Note that the same process of sound mutation that led to these spellings also led to words in which du is pronounced as ju, such as <procedure> and <gradual>.  These words are respelled with dj rather than simply j to emphasize the parallelism with the above spellings:  procédjur, gradjùal.

Some of the reasons for these design choices are as follows.  The system above is more precise than traditional spelling about indicating the pronunciation.  (The only ambiguity is really the handling of words like <mention>, which some speakers pronounce with sh, and some with ch.  DRE chooses the sh spelling in such cases, to avoid respelling.)  While the use of the letter j is an innovation, its resemblance to the letter i makes it less jarring than one might anticipate.  The fact that the normal j sound is a voiced ch also helps to make the notation seem natural.

Finally, the ï symbol was introduced to improve parallelism between related words, as with aprécïáte, aprécïátion and apréciativ.  A previous version of DRE wrote the first two words above as aprécjìáte and aprécjìátion which, while consistent, obscured the relationship with apréciativ.  Note that the existence of words like asócìátion and pronuncìátion, where c continues to represent the s sound, precluded the use of ì in the role of ï.

f.  Silent e

Like traditional spelling, DRE makes heavy use of the silent e, to indicate that the preceding vowel is long, to soften a c, or to distinguish a final s sound from a plural marker.  Purists may protest that when long vowels are marked, as they are with DRE, the silent e is unnecessary, and could be dropped.  DRE does not do this, for two reasons.  One is that very many words would be respelled as the result of such a change.  The other is that DRE is intended to remain reasonably readable even when all the diacritics are removed.  After removal of the DRE diacritics, the silent e is vital to distinguish plan from plane, bit from bite and slop from slope.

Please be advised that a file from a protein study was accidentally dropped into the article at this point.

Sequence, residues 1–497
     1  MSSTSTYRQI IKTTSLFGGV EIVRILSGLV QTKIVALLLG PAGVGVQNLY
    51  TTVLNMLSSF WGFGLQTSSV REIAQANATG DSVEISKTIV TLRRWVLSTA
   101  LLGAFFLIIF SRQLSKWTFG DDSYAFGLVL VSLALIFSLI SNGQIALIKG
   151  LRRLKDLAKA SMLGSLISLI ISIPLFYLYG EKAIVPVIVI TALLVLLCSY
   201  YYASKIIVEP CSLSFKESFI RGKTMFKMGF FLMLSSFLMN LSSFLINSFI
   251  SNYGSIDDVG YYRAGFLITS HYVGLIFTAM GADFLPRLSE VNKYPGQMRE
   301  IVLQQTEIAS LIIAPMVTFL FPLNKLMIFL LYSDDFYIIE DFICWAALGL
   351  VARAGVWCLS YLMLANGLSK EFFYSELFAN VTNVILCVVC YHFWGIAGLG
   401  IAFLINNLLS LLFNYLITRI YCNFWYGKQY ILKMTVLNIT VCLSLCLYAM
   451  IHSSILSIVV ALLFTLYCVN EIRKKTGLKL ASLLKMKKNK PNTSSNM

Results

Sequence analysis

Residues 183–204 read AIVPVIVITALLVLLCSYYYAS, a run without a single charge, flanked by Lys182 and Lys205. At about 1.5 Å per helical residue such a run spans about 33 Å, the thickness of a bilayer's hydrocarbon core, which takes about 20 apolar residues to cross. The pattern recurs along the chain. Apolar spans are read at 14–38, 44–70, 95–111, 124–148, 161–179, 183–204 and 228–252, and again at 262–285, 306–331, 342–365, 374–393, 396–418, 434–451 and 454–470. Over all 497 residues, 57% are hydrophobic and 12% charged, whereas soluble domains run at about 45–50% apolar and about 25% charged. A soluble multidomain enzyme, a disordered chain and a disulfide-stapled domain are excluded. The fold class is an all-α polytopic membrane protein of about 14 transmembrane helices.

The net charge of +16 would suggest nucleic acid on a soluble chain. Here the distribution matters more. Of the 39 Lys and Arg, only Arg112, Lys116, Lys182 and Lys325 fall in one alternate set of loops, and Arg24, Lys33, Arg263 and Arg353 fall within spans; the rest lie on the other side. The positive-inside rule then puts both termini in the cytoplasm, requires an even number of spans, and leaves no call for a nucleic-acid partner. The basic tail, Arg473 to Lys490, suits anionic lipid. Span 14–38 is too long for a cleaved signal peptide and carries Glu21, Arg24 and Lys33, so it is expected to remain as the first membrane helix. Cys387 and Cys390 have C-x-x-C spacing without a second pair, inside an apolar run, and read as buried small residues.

Traditional spelling does contain, however, a number of words where a silent e is used even though the previous vowel is not long, such as valve, some, college, imagine, accurate, native, culture.  DRE drops such e's, except after c, s, or r (other than in -ure pronounced as -oor).  Thus, the DRE spellings valv, sôm, collej, imajin, accürat, nátiv, cultjur.  When a silent e is used after a short vowel and a single c or s, the vowel is marked with a circumflex unless it is i or u, in which case the e is dropped (and c changed to s).  If more than one consonant separates the short vowel and -ce or -se, the e is retained.  Thus: menâce, penance, malis, prince, purpôse, response, lettus, repulse.  See "Ending -s, -ce, -se and -ss" below for more discussion of this logic.

g.  Double consonants

One of the features of traditional spelling which makes using it correctly so difficult is the inconsistent use of double letters.  Consider pairs like addition/edition, balloon/ballot, cannibal/animal.  There is no order.  Often, a double consonant serves to indicate that the syllable is stressed, but counterexamples abound:  announce, cassette, offensive, satellite, dandruff.

It is way more than DRE can do to repair this inconsistency in English spelling.  It has been suggested that consonants should be doubled exactly when the syllable contains a stressed short vowel sound, but this requires respelling many familiar words.  It is also hard to double digraphs in words like mythical or singular without having the spellings look silly.  And finally, using consonant doubling to show vowel shortness leads to undesirable spelling differences between related words: add/adition, astronnomy/asstronommical, capptiv/captivvity, etc.

DRE does ameliorate the double consonant problem in one way.  If a double consonant is used following a schwa, the double consonant is replaced by a single consonant, thus: anounce, casett, ofensiv, satelíte, dandruf.  There are two exceptions to this.  First, the doubling of consonants in closely related words is kept consistent, so that âddition continues to be spelled with a double d to preserve the relationship with add, and the second m in <commendation> is removed to preserve the relationship with comend.

Despite the fact that DRE limits itself to a timid, partial solution to this problem, this particular change is one of those with a large impact on the overall appearance of transcribed text.

h.  DRE Modes

DRE can be written in one of three modes.  Up to this point, I have been discussing strict DRE, which is to say, DRE with all diacritics used, even for extremely common words or when the pronunciation is completely obvious to the reader familiar with English.  There are two other modes of DRE, which may be more practical.  Stripped DRE is DRE using no diacritics at all.  One of the goals of DRE is for stripped DRE to be readable, no more ambiguous than traditional spelling, and generally superior to it.  Intermediate to strict DRE and stripped DRE is reduced DRE.  This is DRE with many diacritics removed.  Reduced DRE removes diacritics from (1) extremely common words, (2) extremely common suffixes and (3) long vowels with an acute accent preceding a single consonant and a silent e.  In practice, this reduces the number of diacritics substantially.